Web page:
"Sir Aldingar" is Child Ballad #59.
The title knight tries to seduce the queen. When she rejects him, he puts a leper in her bed and told the king that she was unfaithful — and not even with a right good knight. The king orders them both executed. The queen demands a trial by combat, if she can get a champion. A messenger in search of one is sent back by what looks like a four-year-old boy, but who knows what the queen dreamed. He appears and mortally wounds Aldingar in the fight. Aldingar confesses. The king and queen are reconciled, and the leper is miracluously cured and serves the king as a steward.
Francis Child's variants listed here.
- Beauty Equals Goodness: The mysterious, possibly angelic champion who fights for the queen.A louelie child was hee;
- Bedmate Reveal: The queen finds herself in bed with the leper.
- Deathbed Confession: Aldingar is mortally wounded by the mysterious champion, and confesses his Malicious Slander before he dies.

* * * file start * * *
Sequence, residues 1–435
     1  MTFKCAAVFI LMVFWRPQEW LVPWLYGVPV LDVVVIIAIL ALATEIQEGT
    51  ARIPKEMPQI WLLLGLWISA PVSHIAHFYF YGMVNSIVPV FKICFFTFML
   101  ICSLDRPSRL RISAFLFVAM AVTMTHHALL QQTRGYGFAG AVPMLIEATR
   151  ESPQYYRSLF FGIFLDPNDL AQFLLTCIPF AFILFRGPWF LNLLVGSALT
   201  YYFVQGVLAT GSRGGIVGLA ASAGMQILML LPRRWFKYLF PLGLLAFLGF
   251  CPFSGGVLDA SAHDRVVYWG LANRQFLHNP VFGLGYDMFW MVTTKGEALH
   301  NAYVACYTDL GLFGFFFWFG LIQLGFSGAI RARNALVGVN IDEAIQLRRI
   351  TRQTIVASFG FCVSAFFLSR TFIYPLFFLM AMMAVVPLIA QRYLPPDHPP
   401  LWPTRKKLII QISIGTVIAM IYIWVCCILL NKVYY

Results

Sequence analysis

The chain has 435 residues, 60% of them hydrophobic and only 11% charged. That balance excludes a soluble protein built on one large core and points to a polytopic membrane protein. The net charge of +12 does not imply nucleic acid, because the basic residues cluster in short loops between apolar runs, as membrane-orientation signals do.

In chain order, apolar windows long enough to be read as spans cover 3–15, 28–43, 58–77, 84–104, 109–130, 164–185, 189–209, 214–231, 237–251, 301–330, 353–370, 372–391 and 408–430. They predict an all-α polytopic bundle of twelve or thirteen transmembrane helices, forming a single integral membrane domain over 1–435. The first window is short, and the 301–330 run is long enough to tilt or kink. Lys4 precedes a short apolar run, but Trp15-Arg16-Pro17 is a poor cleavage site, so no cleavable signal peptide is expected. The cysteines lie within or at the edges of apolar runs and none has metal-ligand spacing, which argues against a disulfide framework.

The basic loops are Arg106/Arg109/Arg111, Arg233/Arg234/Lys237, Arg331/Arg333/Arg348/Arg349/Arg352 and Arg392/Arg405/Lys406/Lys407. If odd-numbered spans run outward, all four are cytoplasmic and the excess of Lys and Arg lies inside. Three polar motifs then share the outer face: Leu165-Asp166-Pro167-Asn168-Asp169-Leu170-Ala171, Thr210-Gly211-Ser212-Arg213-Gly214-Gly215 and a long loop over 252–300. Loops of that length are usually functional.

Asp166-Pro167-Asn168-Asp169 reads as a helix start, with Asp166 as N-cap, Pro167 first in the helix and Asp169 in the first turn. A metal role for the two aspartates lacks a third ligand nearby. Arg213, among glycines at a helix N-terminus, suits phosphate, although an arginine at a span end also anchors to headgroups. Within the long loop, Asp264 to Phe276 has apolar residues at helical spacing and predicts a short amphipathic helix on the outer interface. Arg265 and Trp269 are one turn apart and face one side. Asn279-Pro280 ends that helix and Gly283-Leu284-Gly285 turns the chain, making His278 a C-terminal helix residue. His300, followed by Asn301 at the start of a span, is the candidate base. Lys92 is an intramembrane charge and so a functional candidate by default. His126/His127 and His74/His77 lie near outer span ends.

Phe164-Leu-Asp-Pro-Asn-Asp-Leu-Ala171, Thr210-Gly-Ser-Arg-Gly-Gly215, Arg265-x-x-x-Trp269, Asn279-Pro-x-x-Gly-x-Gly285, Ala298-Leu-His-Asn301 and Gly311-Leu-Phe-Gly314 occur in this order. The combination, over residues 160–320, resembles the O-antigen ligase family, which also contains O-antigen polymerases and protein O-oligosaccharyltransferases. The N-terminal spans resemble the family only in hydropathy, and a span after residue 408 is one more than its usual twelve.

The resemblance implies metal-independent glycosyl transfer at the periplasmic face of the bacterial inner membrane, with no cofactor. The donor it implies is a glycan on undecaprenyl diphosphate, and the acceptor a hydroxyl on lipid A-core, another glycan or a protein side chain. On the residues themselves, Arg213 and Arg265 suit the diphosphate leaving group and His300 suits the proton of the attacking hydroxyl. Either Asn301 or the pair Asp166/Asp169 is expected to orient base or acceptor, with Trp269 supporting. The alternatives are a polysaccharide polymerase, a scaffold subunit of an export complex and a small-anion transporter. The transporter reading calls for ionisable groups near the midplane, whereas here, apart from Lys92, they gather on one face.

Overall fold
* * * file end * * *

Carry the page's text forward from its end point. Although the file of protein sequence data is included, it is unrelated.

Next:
- Dreaming of Things to Come: The queen recounts a dream of having been attacked by a grim beast and saved by a little hawk. Now that she has been attacked by Malicious Slander, she sends a messenger to search for a champion.
- Duel to the Death: Aldingar and the mysterious champion's Trial by Combat ends in Aldingar's death.
- Historical Fiction: In some versions, the king and queen are Henry Plantagenet and Eleanor Of Aquitaine.
- Malicious Slander: When the queen rebuffs the titular knight, he puts a leper in her bed and accuses her of adultery to the king.
- Not What It Looks Like: The king finds the queen in bed with the leper, and comes to the wrong conclusion.
- Right Makes Might: The queen's innocence is vindicated by a beautiful little boy who successfully defends her in Trial by Combat against a grown knight.
- Swarm of Rats: In some variants, the queen's hair is unkempt from the mice and rats gnawing on it while in prison.
- Trial by Combat: The queen demands this as her right when defending herself against Malicious Slander.
- Woman Scorned: Gender Flipped. Sir Aldingar slanders the queen with charges of infidelity for having rebuffed his advances.